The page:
MECH 396/398: Combined Loading of Straight and Curved Beams
Department of Mechanical and
Materials Engineering
21
Queen’s University
Faculty of Applied Science
Department of Mechanical
and Materials
Engineering
COMBINED LOADING OF STRAIGHT AND CURVED BEAMS
Location
Jackson Hall Rm 213
Objectives
1.
To calculate analytically the stress/strain distribution for combined
loading conditions of
two curved beam specimens.
2.
To experimentally observe the stress/strain distributions in the two loaded beams by using:
strain gauges
photo

elastic analysis
Safety Considerations
This laboratory is conducted without the use of obv
iously dangerous equipment, but it does
require the manipulation and suspension of relatively heavy metal weights at a significant height.
Care must be taken to handle the weights in such a way that they do not fall and cause injury.
Preparation Notes
In
this lab you will need to sketch the coloured photoelastic patterns seen in loaded beams. You
should bring plain paper and a few coloured pencils, and/or a digital camera.
Background
Strain Gauges
The most common method of measuring mechanical strain
in an object is with strain gauges. The
basic principle underlying the operation of strain gauges is that the resistivity of wire changes
when it undergoes mechanical strain. If the resistance element is attached directly to the object
being strained it wi
ll undergo an equal strain and in this way, the measured change in resistance
can be correlated to the strain in the object.
Stress Distribution in a Straight Beam
When a straight beam is loaded in tension or in compression, the stress in any cross

sectio
n of
the beam is
A
P
where
P = load
A = cross

sectional area
When a straight beam is loaded in bending, the stress at any point in the beam is determined by
MECH 396/398: Combined Loading of Straight and Curved Beams
Department of Mechanical and Materials Engineering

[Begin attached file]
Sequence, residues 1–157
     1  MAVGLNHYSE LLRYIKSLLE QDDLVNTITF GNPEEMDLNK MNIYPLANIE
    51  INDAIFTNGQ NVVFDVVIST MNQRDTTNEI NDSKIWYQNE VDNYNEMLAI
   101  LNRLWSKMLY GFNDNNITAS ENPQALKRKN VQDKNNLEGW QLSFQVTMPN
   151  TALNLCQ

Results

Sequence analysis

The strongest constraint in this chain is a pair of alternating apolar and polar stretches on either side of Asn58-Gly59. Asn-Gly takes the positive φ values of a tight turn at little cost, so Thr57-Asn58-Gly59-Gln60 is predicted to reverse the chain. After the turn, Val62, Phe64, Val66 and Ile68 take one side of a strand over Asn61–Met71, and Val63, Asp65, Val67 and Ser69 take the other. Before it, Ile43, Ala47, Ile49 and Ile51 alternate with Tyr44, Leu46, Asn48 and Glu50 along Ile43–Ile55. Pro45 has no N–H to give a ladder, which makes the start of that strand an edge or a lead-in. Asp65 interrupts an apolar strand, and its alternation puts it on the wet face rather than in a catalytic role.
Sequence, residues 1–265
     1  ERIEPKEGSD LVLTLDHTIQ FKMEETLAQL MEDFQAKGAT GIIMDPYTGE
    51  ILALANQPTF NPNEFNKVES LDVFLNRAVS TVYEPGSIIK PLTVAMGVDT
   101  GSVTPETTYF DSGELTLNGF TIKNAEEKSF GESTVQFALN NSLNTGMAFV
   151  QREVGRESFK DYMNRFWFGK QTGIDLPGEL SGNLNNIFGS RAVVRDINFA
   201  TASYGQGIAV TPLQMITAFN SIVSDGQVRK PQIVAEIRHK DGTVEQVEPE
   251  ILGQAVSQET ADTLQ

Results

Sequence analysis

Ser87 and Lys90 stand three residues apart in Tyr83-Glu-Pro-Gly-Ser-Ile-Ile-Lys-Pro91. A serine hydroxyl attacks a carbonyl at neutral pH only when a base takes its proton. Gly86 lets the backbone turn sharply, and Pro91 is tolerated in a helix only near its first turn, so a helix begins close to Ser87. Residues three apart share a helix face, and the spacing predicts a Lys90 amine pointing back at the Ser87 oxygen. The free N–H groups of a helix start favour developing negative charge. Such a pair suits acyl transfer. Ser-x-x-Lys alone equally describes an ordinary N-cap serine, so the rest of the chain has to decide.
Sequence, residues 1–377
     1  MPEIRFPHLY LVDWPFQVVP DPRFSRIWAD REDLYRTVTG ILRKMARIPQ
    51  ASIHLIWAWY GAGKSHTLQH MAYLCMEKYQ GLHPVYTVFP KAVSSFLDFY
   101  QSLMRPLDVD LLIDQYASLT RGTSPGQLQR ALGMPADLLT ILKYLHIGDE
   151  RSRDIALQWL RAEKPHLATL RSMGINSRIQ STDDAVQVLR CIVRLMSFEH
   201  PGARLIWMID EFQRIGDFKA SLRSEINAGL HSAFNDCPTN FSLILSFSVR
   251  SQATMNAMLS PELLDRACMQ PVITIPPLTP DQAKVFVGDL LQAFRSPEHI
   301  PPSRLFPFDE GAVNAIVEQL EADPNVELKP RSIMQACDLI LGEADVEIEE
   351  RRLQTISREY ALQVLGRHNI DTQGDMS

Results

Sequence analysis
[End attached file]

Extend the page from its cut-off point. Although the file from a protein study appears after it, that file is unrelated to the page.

22
zz
I
My
y
)
(
where
y = distance across the cross

section
M = bending moment at that location along the beam
I
zz
= moment of inertia perpendicular to the cross

sectional area
According to the principle of superposition, the total stress acting in a certain direction on a
beam is the sum of applied stres
ses acting in that direction [1].
Stress Distribution in a Curved Beam
For the case where the beam is loaded only in tension or compression the stress components are:
sin
2
2
3
2
2
r
b
a
r
b
a
r
N
t
P
r
r
b
a
r
b
a
r
tN
p
2
2
3
2
2
3
'
sin
where
a
b
b
a
b
a
N
ln
)
(
'
2
2
2
2
t = thickness
a, b, r = shown in Figure 1.
MECH 396/398: Combined Loading of Straight and Curved Beams
Department of Mechanical and Materials Engineering
23
Figure 1: Dimensions of general curved beam and geometry of loading
In the case where the beam is loaded in a pure bending moment the stresses are:
r
a
a
b
r
b
a
b
r
b
a
tN
M
r
ln
ln
ln
4
2
2
2
2
2
2
2
2
2
2
2
2
ln
ln
ln
4
a
b
r
a
a
b
r
b
a
b
r
b
a
tN
M
where
2
2
2
2
2
2
ln
4
a
b
b
a
a
b
N
Photo

elastic Analysis
Experimental stress analysis is used not only to find the magnitude of stresses. Often it is
important to be able to interpret the entire stress distribution field. Photo

elastic analysis is one
method that
allows us to observe the stresses over an entire component. Photo

elastic analysis
can also be an important design tool since it can yield valuable information on how to optimize
the design and reduce stress concentrations.
The basic principles underlying
photo

elastic analysis are relatively simple. Certain materials,
notably plastics, behave isotropically when unstressed but become optically anisotropic when
stressed. The index of refraction is dependent on the stress applied. When a polarized beam of
light passes through a photo

elastic coating on a part subjected to stress it is split into waves
traveling at different speeds. Once the waves have excited the coating, they will be put out of
phase. This phase difference is called the retardation. Ob